“It’s a cat-and-mouse kind of struggle,” David Tharckabaw, vice-president of the political organisation the Karen National Union (KNU), told The Times by phone from the Thai border town of Mae Sot. “The Burmese burn down villages and relocate the people close to their own camps.”
The Karen conflict has its origins in the Second World War, when many Karen fought alongside the British Army against the invading Japanese. The seven million Karen were promised their own state by the British but when independence came in 1948 the promise was forgotten. A year later, in January 1949, the Karen began the armed struggle that has continued ever since.
In the early decades of the war, the KNU dominated the Irrawaddy Delta, close to the former Burmese capital Rangoon, as well as areas north of the city and all of Kayin State. But in the 1990s an increasingly well-armed Burmese Army made steady gains and in 1995 the KNU was driven out of its capital, Manerplaw.
At this time, Buddhists in the Christian-dominated KNU broke away to form the Democratic Karen Buddhist Army (DKBA), which now fights alongside the Burmese Army. Formerly, the KNU had operated as a quasi-government, providing schools and clinics and receiving income from tax, as well as from a profitable trade through Thailand in timber, gold, zinc and antimony.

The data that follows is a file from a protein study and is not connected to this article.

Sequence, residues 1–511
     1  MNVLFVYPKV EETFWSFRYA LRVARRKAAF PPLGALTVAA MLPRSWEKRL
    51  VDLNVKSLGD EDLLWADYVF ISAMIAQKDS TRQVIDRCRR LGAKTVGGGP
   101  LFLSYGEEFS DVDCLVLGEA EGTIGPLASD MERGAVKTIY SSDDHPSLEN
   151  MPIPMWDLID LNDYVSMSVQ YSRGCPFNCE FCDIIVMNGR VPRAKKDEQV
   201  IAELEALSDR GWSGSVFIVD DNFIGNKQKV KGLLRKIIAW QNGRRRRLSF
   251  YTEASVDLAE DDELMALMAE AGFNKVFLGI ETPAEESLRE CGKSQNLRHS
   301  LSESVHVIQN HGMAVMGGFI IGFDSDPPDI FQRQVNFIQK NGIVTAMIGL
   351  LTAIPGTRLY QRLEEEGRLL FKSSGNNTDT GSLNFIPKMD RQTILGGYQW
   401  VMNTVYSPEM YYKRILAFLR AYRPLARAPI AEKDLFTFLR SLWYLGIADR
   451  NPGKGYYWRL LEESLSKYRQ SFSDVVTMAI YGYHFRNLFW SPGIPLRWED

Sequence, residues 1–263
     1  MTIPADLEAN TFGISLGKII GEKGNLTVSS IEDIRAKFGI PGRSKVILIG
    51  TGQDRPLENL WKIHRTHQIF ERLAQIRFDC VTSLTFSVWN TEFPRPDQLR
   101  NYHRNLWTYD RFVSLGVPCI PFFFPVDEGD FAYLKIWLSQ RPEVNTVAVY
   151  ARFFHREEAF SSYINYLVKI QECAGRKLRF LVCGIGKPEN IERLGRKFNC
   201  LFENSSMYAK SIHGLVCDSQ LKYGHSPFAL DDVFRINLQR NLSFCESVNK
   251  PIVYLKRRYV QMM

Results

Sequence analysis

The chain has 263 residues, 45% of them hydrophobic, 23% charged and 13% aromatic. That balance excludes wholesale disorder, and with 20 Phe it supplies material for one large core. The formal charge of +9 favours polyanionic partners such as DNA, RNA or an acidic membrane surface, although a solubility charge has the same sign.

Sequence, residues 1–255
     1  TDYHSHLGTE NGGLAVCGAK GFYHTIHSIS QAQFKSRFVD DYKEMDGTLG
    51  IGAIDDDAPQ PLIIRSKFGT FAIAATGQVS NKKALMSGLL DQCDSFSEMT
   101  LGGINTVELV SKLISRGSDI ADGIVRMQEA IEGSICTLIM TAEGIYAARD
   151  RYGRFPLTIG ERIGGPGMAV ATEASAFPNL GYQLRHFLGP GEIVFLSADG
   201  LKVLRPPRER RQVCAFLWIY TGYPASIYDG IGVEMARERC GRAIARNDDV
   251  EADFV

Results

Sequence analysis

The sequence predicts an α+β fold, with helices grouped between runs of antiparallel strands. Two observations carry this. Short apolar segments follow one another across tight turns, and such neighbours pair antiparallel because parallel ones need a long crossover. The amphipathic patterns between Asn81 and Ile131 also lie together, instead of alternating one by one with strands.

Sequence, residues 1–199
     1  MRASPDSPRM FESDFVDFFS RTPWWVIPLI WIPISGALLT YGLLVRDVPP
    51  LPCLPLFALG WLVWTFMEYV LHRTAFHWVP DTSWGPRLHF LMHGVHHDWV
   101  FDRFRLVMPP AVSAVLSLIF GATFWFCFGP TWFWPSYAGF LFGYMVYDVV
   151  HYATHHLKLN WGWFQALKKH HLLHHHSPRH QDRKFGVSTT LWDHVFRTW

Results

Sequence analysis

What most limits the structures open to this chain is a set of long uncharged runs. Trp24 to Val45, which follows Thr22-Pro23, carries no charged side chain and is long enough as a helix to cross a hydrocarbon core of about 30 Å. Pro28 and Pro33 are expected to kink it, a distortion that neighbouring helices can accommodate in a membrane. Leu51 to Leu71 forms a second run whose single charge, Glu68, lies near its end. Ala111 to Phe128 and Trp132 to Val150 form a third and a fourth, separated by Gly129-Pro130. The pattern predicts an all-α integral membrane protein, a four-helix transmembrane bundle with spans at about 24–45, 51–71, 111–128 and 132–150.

The loss of territory brought a loss of funds, which made it harder to arm and equip itself. The KNU claims to have 10,000 soldiers, including village militia men, but according to Mr Mathieson the number of active fighters is probably between 3,000 and 5,000.
Last year the KNU suffered another blow when its respected and charismatic leader, Pado Mahn Shar, was assassinated at his home in Thailand by unidentified gunmen. Among many Karen there was a suspicion that the ease with which the killers escaped, and the failure to apprehend them, reflected a cooling of the welcome afforded by Thailand. Last month Karen military commanders were ordered out of Thailand and back across the border.
This probably reflects the Thai Governmentâ€™s increasing dependence on Burma for raw materials and energy — the two governments are jointly planning ambitious hydroelectric dams along the Salween River which forms part of their border.
The border is a valuable conduit not only for the Karen but for Burmese struggling to overthrow the military dictatorship. After the junta cracked down on large pro-democracy demonstrations of monks and activists in 2007, many of them escaped into Thailand.
“It’s a crucial route for information,” said Mark Farmaner of the Burma Campaign UK. “If that’s closed down the whole country will become much more isolated.” The United Nations has ruled that the continued detention by Burma of the pro-democracy leader Aung San Suu Kyi violates domestic and international laws. The latest one-year detention period of Ms Suu Kyi, who has spent 13 of the past 19 years under house arrest, expires in May.
(c) Times Newspapers Ltd 2010
Posted in accordance with Title 17, Section 107, US Code, for noncommercial, educational purposes.